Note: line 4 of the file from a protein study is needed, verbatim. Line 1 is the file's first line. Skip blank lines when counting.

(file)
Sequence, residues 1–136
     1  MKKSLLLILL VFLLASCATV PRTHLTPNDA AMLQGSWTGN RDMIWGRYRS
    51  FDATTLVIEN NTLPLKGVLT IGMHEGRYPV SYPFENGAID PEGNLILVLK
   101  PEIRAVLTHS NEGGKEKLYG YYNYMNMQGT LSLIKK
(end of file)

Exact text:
   101  PEIRAVLTHS NEGGKEKLYG YYNYMNMQGT LSLIKK